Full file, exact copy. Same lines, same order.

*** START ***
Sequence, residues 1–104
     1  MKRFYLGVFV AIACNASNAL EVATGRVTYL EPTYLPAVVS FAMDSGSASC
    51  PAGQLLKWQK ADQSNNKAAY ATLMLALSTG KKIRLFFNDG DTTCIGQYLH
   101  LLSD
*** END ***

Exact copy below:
Sequence, residues 1–104
     1  MKRFYLGVFV AIACNASNAL EVATGRVTYL EPTYLPAVVS FAMDSGSASC
    51  PAGQLLKWQK ADQSNNKAAY ATLMLALSTG KKIRLFFNDG DTTCIGQYLH
   101  LLSD